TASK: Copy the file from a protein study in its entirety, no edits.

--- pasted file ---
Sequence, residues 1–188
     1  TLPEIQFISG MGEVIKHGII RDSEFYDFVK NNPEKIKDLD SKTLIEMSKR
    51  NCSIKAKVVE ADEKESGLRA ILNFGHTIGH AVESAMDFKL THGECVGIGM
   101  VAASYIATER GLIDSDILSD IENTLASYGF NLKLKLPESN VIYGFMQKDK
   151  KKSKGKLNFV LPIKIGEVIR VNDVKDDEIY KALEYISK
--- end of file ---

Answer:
Sequence, residues 1–188
     1  TLPEIQFISG MGEVIKHGII RDSEFYDFVK NNPEKIKDLD SKTLIEMSKR
    51  NCSIKAKVVE ADEKESGLRA ILNFGHTIGH AVESAMDFKL THGECVGIGM
   101  VAASYIATER GLIDSDILSD IENTLASYGF NLKLKLPESN VIYGFMQKDK
   151  KKSKGKLNFV LPIKIGEVIR VNDVKDDEIY KALEYISK